Ski resorts prepare for warmer Northwest winters

Shrinking snowpack has led some resorts to use costly, water-intensive snowmakers.

 

This article was originally published on  Crosscut.

This winter, skiers and snowboarders will see something new at Crystal Mountain — a robust $5 million snowmaking system designed to fight warmer winters in the Pacific Northwest.

Crystal’s state-of-the-art program features 36 new snow guns on the lower mountain that have the capacity to create up to 53 football fields covered in snow in a 24-hour period. Is this the new normal for ski areas in the historically snow-rich Cascades?

Until recent years, Washington ski resorts haven’t needed to worry about making snow. But snow seasons have gotten shorter, snow levels are rising and climate projections call for radically warmer winters in the future.

In the disastrous 2014-15 ski season, the region got a glimpse of what that future may hold. Warm temperatures caused much of the winter precipitation to fall as rain instead of snow. With a radically reduced snowpack, many resorts closed in February, and the state experienced a drought the following summer.

To battle the changing climate, several resorts now have fairly large snowmaking operations, and those that don’t are thinking about getting in the human-made snow game themselves. “As we all know, things are warming up,” said John Kircher, owner and manager of Crystal Mountain. “Now we’ll have a little fallback.”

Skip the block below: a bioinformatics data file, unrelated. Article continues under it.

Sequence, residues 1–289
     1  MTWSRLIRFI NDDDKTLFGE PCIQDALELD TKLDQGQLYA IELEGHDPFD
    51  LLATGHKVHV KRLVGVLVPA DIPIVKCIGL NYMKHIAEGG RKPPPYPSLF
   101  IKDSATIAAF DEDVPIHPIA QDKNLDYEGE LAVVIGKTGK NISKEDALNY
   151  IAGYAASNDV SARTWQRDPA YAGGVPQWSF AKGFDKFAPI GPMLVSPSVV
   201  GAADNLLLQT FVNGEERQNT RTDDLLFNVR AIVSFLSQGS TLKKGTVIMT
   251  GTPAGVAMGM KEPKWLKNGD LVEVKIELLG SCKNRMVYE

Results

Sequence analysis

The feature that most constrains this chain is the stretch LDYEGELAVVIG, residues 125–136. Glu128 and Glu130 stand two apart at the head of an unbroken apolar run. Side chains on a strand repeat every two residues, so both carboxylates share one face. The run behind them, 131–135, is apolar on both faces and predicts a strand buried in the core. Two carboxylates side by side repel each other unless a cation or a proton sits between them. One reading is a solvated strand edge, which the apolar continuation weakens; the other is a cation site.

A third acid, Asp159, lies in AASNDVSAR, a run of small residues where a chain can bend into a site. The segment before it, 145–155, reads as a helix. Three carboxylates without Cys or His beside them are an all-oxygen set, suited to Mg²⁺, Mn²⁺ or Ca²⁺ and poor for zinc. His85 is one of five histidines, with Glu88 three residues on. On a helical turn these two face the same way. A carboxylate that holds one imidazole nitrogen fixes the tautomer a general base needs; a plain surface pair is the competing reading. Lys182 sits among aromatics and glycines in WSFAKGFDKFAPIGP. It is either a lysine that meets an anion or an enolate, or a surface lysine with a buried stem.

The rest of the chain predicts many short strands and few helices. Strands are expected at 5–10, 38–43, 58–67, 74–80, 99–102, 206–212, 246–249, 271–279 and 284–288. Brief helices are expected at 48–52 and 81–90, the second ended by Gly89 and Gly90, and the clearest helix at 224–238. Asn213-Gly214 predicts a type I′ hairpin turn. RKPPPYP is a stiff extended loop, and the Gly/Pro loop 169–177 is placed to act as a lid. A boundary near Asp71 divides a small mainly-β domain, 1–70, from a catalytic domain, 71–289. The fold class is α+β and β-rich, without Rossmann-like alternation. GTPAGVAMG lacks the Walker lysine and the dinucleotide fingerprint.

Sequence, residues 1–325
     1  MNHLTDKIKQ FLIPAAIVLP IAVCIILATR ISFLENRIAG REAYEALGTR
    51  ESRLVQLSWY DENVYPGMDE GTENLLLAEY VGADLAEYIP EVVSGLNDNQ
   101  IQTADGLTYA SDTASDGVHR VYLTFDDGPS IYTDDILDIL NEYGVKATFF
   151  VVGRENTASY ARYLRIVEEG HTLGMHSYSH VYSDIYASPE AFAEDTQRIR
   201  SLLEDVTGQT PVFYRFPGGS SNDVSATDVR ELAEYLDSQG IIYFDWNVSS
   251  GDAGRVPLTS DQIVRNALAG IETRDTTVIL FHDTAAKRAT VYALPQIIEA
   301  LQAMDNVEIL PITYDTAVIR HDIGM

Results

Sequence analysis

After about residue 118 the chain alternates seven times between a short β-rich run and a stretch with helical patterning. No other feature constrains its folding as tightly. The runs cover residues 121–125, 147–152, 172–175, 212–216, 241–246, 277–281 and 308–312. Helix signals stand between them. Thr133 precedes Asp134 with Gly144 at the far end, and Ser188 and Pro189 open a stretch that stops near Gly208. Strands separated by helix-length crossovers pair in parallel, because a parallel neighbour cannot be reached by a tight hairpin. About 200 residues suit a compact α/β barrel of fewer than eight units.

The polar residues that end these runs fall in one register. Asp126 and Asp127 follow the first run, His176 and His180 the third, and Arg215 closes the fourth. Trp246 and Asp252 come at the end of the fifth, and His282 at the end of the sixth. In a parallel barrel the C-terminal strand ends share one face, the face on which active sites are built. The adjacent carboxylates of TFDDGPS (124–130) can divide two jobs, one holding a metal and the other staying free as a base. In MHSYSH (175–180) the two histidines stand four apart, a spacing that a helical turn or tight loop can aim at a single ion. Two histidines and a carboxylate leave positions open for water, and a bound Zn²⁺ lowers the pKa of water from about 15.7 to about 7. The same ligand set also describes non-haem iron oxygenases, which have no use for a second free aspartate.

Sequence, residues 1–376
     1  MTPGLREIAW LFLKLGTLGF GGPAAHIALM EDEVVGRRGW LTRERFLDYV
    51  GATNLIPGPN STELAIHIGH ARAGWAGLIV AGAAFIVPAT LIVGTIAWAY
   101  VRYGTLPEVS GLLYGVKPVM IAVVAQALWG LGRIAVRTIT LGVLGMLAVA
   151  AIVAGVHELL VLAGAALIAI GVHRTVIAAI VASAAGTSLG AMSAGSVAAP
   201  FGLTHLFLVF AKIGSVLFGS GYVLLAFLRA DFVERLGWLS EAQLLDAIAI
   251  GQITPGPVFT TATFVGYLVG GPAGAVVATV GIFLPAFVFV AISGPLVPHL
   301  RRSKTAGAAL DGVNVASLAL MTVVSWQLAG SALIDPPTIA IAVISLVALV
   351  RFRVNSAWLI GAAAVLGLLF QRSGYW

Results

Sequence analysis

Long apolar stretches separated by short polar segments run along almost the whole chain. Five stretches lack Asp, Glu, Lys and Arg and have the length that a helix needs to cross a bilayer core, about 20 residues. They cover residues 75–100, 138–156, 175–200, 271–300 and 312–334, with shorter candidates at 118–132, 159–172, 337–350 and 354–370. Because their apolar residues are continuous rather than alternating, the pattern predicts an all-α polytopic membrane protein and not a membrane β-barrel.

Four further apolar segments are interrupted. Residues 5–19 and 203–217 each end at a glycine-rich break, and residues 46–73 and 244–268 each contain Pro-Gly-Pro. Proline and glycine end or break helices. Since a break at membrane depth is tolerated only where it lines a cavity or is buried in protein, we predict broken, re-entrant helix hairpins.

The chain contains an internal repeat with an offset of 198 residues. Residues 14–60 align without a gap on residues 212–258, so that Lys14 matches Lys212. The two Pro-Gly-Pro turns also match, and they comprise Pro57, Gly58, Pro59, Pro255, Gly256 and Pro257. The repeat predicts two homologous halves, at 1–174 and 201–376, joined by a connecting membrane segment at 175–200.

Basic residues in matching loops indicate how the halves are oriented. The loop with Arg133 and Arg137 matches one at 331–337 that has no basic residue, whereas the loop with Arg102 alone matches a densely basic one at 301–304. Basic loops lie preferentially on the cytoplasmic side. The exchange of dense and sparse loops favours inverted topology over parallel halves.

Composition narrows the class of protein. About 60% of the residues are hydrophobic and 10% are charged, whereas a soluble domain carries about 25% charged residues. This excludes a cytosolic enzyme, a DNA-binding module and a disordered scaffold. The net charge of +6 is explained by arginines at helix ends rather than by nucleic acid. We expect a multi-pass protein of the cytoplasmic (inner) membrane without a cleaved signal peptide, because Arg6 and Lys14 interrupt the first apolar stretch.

Snowmakers require large amounts of water, which creates a barrier of entry for some ski resorts.

Under a best-case scenario, Crystal Mountain will stockpile snow made during cold weather and push it around to create a base on its lower slopes in the early season, then hope that Mother Nature takes over with natural snow, Kircher said. But if the snow doesn’t arrive, the ski area now has an insurance policy to keep its slopes covered and chairlifts open, he said. “In the Northwest, it is an essential part of going forward” in the ski resort business, he said.

Topping out at 7,000 feet, Crystal’s upper mountain usually receives ample snowfall, but the lower slopes, bottoming out at 4,500 feet, can have difficulty holding snow, particularly early in the season, Kircher said. During lean snow years such as the 2014-15 season, the resort opened its upper mountain, while the lower-elevation beginner-friendly slopes were closed with no coverage at all.

With lower slopes bare, the resort had to cancel ski school programs and families canceled vacations. “What (the new system) does is to not force us to close like we’ve had to do a couple of times in the past,” Kircher said.